Chickens are also surprisingly self-sufficient, Ashley says, which helps if you head out of town frequently. Ashley was initially worried that her brood would limit weekend excursions, but soon found that with a bit of pre-planning – and the installation of a gravity feeder – she can leave for several days without worry.

“Once you have a system down, you really only have to go out every couple of days to top off food and water and collect eggs,” Ashley says. “They can be as self-sufficient as you want them to be.”

Danni Hall, who has seven chickens at her lower Anchorage Hillside home, agrees, and jokingly says chickens are “idiot-proof.” The hardest part, she says, was keeping their water from freezing in winter, but a heater designed for that exact purpose solved that problem.

“Chickens are the cheapest farm animal you can raise on every front, from food to cost of the birds to maintenance.”

–Stephen C. Brown (shown above), teaches courses on chicken ownership through the University of Fairbanks Cooperative Extension

food security

Chickens won’t save you money at the grocery store – the cost to feed and house your backyard flock means you’ll pay more overall for the “free” eggs and meat they provide – but for most chicken owners, the primary motivation is access to fresh eggs and knowing where their food comes from, Stephen says.

“If you’ve ever had a home-raised chicken egg, you can never go back to store-bought because they are so much tastier,” he explains.

It’s the reason Danni and her family, who are on their second flock, decided to raise them.

“The eggs really do taste amazing,” she says. “They’re so much brighter and richer and creamier.”

For those who butcher the hens once they’re past their egg-laying prime (usually five to seven years), the lack of hormones and antibiotics makes a difference too, both in terms of knowing what’s going into their bodies, and the taste of the bird itself.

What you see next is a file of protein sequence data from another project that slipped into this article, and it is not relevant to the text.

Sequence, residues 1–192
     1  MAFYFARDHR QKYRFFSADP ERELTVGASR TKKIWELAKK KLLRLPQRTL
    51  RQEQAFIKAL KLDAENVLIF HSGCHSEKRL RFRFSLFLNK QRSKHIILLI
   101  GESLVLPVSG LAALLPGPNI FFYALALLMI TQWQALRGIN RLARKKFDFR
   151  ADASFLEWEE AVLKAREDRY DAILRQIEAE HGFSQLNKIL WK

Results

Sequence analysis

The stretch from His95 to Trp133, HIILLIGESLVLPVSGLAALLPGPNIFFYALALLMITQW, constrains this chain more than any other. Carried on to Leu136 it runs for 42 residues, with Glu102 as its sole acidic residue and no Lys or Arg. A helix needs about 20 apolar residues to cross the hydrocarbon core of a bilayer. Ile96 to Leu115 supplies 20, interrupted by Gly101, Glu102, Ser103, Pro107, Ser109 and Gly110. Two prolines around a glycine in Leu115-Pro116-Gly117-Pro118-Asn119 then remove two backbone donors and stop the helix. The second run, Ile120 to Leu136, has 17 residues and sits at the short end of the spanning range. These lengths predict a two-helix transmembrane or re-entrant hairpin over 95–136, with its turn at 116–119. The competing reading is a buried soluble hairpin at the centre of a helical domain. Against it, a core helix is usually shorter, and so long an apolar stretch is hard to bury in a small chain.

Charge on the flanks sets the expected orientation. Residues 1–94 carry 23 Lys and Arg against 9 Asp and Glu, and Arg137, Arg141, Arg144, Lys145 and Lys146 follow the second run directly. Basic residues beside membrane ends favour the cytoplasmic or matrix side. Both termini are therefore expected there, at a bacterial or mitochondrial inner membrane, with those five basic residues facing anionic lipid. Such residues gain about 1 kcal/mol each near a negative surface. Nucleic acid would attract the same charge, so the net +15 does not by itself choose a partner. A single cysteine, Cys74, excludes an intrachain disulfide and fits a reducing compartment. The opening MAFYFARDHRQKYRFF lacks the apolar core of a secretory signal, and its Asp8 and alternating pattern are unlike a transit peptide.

“You can’t buy a bird that tastes this good at the grocery store,” Alex says.

alaskan-sized challenges

Despite the positives, chickens do come with their share of challenges, including some uniquely Alaskan ones. One is the sheer amount of poop.

“A lot of keeping chickens is poop management,” Ashley says with a laugh. Like Stephen, Ashley uses it for fertilizer; if that’s not an option, she says, you’ll need to take into consideration how frequently you’ll clean out the coop.

Predators are another concern, though it’s not just the proverbial fox in the hen house that owners need to worry about.

“Everything likes chickens,” Stephen says. “Bears, dogs, eagles, ravens – you name it, they all like chickens.” He says leaving them to free-range in the yard unsupervised is “basically a death sentence. Sooner or later, something is coming for that chicken.”

To protect against predators, keep the pen covered – Alex uses fishing net to keep birds of prey out – or only let them run free when you’re close by, Stephen says.

And then there’s your neighbors. Chickens make noise, and unless you plan on keeping them indoors, your neighbors will hear them. Stephen encourages prospective owners to reach out to their neighbors beforehand to avoid potential problems.

Whether raising chickens for eggs, meat, as a family pet, or a combination, Ashley encourages people to do their research.

“Don’t be afraid to have questions. Find a chicken mentor,” she says. And don’t forget to have fun. “They’re hilarious animals to watch.”